Rep. Howard P. “Buck” McKeon (R-Calif.) at times seems to be a lonely voice in the wilderness, one of the few elected leaders devoted to warning his countrymen about the dangerous world and imploring them to maintain a robust military. As the chairman of the House Armed Service Committee, he’s doing his best to hold back the stampede of elected officials anxious to chop defense.

McKeon is trim, courtly in his demeanor. He speaks deliberately and with precision, in many ways a mirror image of the senior officers with whom he regularly interacts. When we met in his office in the Rayburn building yesterday, he had just returned from two votes following the speech of Israeli Prime Minister Bibi Netanyahu to a joint session of Congress. I ask him about the reception Netanyahu received. McKeon is not loquacious, but he, as if it were obvious to all, says, “Well, every other word he got a standing ovation. He was dynamic, masterful.”

His own efforts center on preserving spending for a military continually stretched thinner and thinner. Earlier this month his committee, by a 60-1 vote, passed authorization for $553 billion in defense spending for fiscal year 2012, which matched the president’s budget. McKeon acknowledged there will be amendments, but he’s confident of “strong support” in the House. Still, he’s not pleased with the pinch on defense and is even more concerned about an additional $400 million in cuts the president has ordered up.

The pressure is for less and less spending, but McKeon makes clear that he would “like to see a higher top-line number.” He concedes that “every dollar is precious,” but is concerned about “cutting back to the degree we have in the last few years.” He’s visibly irritated that the White House demanded Secretary of Defense Robert Gates produce substantial cuts last year, only to ask for another $400 million after Gates dutifully found the savings. He is blunt that when you ask for cuts of the magnitude the president wants, “it has to affect the troops.” He tells me that he’s spoken to one serviceman who has had nine deployments, the implication being that we are already making enormous demands of our troops.

The problem, says McKeon, is that with all of these cuts he sees “no cutting back” of the military’s mission. “We have 19 ships in Japan,” he says before listing the slew of other commitments and challenges (Iraq, Afghanistan, China, North Korea and Russia, which he says isn’t “totally peaceful”). If we cut this much spending, he warns that then we are “going to need to change the mission.” It’s evident he’s got some concerns about the administration’s priorities. We’re active in Libya, but “there is nothing in Syria,” he says. He looks grim, if not puzzled, by the administration’s method of deciding when and where to intervene.

In some cases, Congress has made things worse. He points to its decision not to reinstate funding on the so-called “second engine” for the joint striker force, leaving Pratt & Whitney as the sole contractor for the multi-billion-dollar project. McKeon announced earlier this month that he would add language to the defense bill to permit two competitors (GE and Rolls-Royce) to self-fund their work in 2012 to remain in competition with Pratt & Whitney. McKeon explains he did this for two reasons. First, he thinks it is essential for there to be competition rather than a sole source contract. “What if Pratt & Whitney want to hike the price? We have no position of strength [now] to negotiate anything else.” Aside from price, he is also concerned that the Pratt &Whitney engine is going to be used by “95 percent of the striker force.” He says rhetorically, “What if there is a problem with that engine?”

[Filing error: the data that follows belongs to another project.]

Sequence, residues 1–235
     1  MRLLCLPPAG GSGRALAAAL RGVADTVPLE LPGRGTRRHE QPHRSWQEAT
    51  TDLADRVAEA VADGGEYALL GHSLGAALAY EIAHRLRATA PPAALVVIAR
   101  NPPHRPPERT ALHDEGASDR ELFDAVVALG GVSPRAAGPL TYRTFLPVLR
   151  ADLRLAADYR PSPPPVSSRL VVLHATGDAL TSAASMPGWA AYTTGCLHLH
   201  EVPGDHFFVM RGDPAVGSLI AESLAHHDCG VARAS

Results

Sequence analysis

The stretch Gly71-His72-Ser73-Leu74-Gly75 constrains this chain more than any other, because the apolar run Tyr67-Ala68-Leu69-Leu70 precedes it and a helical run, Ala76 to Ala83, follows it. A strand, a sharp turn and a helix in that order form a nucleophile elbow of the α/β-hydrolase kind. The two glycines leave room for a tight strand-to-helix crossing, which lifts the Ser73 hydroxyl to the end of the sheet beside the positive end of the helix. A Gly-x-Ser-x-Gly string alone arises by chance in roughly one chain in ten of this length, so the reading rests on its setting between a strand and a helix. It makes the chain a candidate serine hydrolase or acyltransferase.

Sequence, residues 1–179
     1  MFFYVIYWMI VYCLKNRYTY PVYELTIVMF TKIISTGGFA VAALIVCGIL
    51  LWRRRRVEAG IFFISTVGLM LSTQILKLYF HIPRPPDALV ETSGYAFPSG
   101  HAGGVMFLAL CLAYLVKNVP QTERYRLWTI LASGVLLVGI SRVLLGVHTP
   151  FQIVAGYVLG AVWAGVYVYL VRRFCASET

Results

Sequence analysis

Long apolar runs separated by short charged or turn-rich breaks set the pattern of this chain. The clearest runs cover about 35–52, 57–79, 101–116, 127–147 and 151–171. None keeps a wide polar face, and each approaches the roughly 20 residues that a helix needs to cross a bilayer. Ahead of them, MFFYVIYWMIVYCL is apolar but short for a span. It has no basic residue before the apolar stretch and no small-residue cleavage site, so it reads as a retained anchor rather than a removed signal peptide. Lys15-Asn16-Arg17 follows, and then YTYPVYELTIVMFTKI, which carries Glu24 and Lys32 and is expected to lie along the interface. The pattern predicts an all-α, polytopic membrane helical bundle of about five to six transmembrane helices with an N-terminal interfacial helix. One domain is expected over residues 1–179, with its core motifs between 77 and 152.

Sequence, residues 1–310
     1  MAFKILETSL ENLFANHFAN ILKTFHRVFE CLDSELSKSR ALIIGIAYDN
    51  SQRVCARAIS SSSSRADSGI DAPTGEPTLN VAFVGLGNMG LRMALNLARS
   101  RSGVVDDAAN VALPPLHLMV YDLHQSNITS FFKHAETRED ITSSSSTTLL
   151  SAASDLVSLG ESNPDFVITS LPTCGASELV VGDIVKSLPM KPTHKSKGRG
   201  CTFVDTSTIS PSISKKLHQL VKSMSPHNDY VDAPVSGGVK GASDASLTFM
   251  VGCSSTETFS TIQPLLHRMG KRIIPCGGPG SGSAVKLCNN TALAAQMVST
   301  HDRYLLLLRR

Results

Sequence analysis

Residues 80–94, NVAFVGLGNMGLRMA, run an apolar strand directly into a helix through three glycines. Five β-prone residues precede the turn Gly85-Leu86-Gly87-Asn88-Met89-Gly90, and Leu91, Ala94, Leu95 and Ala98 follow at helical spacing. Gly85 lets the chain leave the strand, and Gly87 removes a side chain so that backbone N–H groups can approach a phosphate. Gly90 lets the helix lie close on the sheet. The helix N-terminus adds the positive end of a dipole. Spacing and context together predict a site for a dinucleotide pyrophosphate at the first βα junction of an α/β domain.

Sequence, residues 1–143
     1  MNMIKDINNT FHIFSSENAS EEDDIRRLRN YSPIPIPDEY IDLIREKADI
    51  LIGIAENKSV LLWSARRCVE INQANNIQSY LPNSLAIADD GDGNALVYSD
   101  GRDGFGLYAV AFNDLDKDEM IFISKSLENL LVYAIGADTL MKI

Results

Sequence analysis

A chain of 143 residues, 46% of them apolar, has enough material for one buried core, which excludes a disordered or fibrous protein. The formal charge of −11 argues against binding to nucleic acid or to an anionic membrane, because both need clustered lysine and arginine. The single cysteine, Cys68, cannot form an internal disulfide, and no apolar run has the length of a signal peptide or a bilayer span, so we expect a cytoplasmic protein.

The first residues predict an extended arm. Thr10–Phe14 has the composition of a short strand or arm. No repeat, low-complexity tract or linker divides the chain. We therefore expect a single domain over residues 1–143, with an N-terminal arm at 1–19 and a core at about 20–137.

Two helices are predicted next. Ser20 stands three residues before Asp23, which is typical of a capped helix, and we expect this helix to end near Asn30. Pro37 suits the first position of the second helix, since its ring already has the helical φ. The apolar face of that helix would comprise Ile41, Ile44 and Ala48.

He is mild in his criticism of his colleagues who saw the elimination of the second engine program as a way to achieve some immediate savings. He said, “The vote against the second engine was early [for freshmen].” He is hopeful that they will see the long-term savings in maintaining a competitive bidding system.

He says his committee has always “worked hard to keep a good relationship” with the Pentagon and is confident that this will continue under Leon Panetta, who’s been nominated to replace Gates. He says, “If I were a senator I would ask [in the confirmation hearings] how far he thinks we can cut defense and maintain a robust defense.” His message is clear: The administration’s budget doesn't match its national security policy.

At the end of the year, the last 50,000 U.S. troops are due to leave Iraq unless the two countries make a new agreement. The Iraqis aren’t asking and we aren’t offering to do so yet. McKeon suggests that the solution is obvious: “Someone tell them if they ask, we’ll agree.” That’s not happened yet. However, with a very large number of civilians remaining, McKeon asks, “Who’s going to protect all of them?” He doesn’t know whether the Iraqi forces are yet up to that. He says, “It would be disastrous if everything we sacrificed for is lost.”

As for Afghanistan, he’s heard nothing from the White House or Pentagon on the size of the July drawdown of troops. He says that he saw “a lot of progress” in a recent visit. If such gains continue, he says, “Maybe we can be out by 2014.” He hopes that any decision to cut back on troops is made based on military needs and that “they don’t just pick a number.”

In a Congress with many new faces and brash partisans, McKeon harkens back to another era when serious, hawkish lawmakers made it their life’s work to master the intricacies of the Pentagon and look to long-term interests in defending the country. He certainly has his work cut out for him in this political environment, with an administration eager to shovel money from the Pentagon to domestic spending and an odd combination of fiscal conservatives and liberals who would like nothing better than to hack away at the Pentagon. McKeon seems determined to make sure that doesn’t happen.